Are You Taking Enough Griswold Vacations?

griswold

When was the last time you truly took a vacation? You know the kind - Clark Griswold style where you pack up the family for weeks of adventure without a care in the world!  With the end of summer hopefully approaching (I’m SO done with record 100 degree temps in Houston), you may be trying to fit in a last minute vacation.  Vacations have been a topic in the news with President Obama electing to take time-off when many thought he should be working.  I took my first vacation of the year in August and it’s not something I’m proud of. While I’ve been absent from FOT, it wasn’t due to vacations but to the demands of being a first-time parent, P&L owner and honestly just not enough hours in the day. Excuses, excuses….I know and I must be a better example to my team by actually taking time off!

So can leaders and/or HR pros really take vacations?  We are all tethered to our jobs via technology, so unless you are going someplace really, really remote or your company has an awesome policy like Employee Benefit Solutions where they confiscate your smart phone and laptop for a month after 5 years of service and tell you to “just stay away” (the really cool name for their program) – chances are you are checking emails at least once a day.

After the question of “can you” is “should you”?  Is the timing right?  Have you prepared your team enough?  What is going on in the business and are there other leaders out at the same time you’ll be gone?  I personally believe you are not doing your job as a leader if you can’t really leave and trust your team to have your back. Yes, I still checked emails while I was away, but I knew my team could handle anything that came up without needing my two cents.  I think this applies whether you are leading a small team or you’re the CEO…likely up for debate about President Obama, but do you really think he wasn’t connected to what was going on every day he was out of D.C.?

Additionally, the globalization of our workplaces means taking a look at your PTO practices and also understanding the cultural elements of taking time off.  My friends in Europe laugh at Americans who think 3-4 weeks of vacation is excessive.  Our multi-national clients all have negotiable programs and PTO is one of the easiest perks for an organization to give on – but are your people really using all their time?  After having a child, I cringe at remembering the many moms I’ve worked with over the years who returned just after 6 weeks of paid LOA. There is no way you are physically, mentally or emotionally ready to be back at 100% after just 6 weeks, yet it is expected in the U.S. if you are in a leadership role.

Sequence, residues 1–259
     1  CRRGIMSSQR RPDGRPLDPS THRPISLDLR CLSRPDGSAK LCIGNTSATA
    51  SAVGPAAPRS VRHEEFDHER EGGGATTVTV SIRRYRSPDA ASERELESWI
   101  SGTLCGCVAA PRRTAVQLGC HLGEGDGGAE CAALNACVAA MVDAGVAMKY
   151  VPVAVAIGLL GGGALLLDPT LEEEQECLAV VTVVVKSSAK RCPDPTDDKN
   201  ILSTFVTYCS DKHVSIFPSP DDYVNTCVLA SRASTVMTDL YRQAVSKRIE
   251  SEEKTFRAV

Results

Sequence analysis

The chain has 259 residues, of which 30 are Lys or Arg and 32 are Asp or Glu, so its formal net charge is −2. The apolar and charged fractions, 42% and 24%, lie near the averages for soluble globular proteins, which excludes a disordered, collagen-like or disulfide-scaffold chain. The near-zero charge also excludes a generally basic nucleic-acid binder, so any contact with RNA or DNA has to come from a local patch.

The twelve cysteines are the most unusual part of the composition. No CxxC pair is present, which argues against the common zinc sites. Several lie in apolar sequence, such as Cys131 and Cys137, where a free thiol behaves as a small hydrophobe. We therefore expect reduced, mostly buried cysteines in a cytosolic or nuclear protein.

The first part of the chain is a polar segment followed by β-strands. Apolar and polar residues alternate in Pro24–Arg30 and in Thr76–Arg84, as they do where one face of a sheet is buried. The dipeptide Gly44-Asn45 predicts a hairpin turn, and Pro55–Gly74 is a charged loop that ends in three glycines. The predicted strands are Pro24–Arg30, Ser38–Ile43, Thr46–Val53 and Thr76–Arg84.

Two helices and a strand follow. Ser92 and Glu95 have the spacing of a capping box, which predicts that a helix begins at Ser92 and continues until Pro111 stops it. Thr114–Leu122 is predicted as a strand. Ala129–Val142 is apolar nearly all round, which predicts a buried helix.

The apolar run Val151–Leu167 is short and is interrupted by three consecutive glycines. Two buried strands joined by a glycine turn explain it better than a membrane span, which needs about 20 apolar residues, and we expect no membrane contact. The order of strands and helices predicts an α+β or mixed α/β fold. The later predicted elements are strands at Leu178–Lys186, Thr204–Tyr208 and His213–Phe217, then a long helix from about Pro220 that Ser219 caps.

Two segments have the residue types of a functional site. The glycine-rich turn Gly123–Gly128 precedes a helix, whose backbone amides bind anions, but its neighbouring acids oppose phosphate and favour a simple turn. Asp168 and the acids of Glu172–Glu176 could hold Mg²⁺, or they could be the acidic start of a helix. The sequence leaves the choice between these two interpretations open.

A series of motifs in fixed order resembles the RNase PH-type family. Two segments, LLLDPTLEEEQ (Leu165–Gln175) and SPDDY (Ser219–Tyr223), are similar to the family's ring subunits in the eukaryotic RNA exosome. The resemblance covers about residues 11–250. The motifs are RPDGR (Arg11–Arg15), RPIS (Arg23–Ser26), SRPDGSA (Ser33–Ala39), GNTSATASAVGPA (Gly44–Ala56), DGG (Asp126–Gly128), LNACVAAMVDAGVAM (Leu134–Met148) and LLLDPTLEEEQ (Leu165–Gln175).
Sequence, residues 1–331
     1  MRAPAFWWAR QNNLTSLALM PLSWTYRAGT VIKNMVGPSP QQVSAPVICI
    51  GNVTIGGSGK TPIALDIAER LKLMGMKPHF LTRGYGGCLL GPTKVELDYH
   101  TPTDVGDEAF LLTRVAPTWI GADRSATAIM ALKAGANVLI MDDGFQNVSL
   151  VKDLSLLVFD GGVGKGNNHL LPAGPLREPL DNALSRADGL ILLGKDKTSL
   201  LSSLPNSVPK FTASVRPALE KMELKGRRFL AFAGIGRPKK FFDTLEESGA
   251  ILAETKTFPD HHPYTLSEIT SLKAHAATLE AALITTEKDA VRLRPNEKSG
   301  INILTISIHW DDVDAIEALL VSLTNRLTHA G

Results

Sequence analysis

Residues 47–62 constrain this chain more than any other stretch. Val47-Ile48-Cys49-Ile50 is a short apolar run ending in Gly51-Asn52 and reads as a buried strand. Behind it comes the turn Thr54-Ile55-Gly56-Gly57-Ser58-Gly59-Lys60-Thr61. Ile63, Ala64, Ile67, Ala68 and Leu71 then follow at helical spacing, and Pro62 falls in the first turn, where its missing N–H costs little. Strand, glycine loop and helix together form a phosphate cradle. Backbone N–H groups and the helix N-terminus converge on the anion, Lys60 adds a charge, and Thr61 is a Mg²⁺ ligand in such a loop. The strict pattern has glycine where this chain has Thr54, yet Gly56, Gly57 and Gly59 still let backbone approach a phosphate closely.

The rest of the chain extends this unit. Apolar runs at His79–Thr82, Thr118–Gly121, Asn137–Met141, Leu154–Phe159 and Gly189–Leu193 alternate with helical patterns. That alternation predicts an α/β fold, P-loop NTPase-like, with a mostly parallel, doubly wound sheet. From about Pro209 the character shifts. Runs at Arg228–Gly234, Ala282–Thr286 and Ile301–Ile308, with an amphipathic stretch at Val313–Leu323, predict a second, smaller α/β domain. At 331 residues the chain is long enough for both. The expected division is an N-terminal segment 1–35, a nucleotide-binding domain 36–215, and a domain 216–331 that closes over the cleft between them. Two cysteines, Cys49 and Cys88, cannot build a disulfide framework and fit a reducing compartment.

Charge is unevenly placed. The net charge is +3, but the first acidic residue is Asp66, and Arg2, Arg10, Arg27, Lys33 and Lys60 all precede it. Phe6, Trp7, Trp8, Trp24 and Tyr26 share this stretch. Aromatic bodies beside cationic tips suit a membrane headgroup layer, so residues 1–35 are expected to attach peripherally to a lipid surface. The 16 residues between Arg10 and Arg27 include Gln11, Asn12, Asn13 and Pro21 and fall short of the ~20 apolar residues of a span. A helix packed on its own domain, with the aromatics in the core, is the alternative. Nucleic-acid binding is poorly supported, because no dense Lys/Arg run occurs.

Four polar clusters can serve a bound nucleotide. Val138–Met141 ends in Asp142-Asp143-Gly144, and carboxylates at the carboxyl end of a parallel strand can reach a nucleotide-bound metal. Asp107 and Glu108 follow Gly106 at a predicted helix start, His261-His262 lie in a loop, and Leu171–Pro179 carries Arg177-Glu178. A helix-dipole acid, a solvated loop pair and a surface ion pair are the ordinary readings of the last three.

Lastly, there is the issue of preparing to go on vacation and then the work you face upon your return.  There have been times I’ve spent more time working on the front and back end of a vacation than the actual time off itself.  Is it worth it, and how do you get yourself out of that unhealthy state?

Time off to decompress, refresh or do something meaningful for yourself or your family is absolutely worth it.  Organizations have to look at outdated policies and unintended penalties, which prevent employees from really disconnecting.  More and more people are looking for meaningful work AND meaningful time away from work to volunteer, spend time on professional development or just be with family.  If you are one of those HR folks who brag about never using all of your PTO, you’re probably not the right person to be structuring programs for the go-forward.

Set the example and truly leave!  The exotic tan or diminished bags under your eyes will encourage others to do the same, which ultimately benefits the health of your entire organization.  And while the Griswold vacation may be a thing of the past, don’t let yourself get to such a state that your vacation ends up like theirs either: “This is no longer a vacation.  It’s a quest, a quest for fun.  I’m gonna have fun and you’re gonna have fun.  We’re gonna have so much #$%^ing fun they’re gonna need plastic surgeons to remove the smiles from our +$#*ing faces.”

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Kathy Rapp
Kathy Rapp is a Managing SVP at hrQ in Texas, where she helps companies find groovy HR Talent or HR Consultants to drive business results.  Prior to joining hrQ, Kathy booked more than 15 years of human resources leadership experience working for such companies as Morgan Stanley and First Data Corporation.  A connoisseur of the intersection between pop culture and business, Kathy believes many talent issues can be addressed via the succession planning lessons experienced by Van Halen  (David Lee/Sammy and sadly, Gary Cherone).

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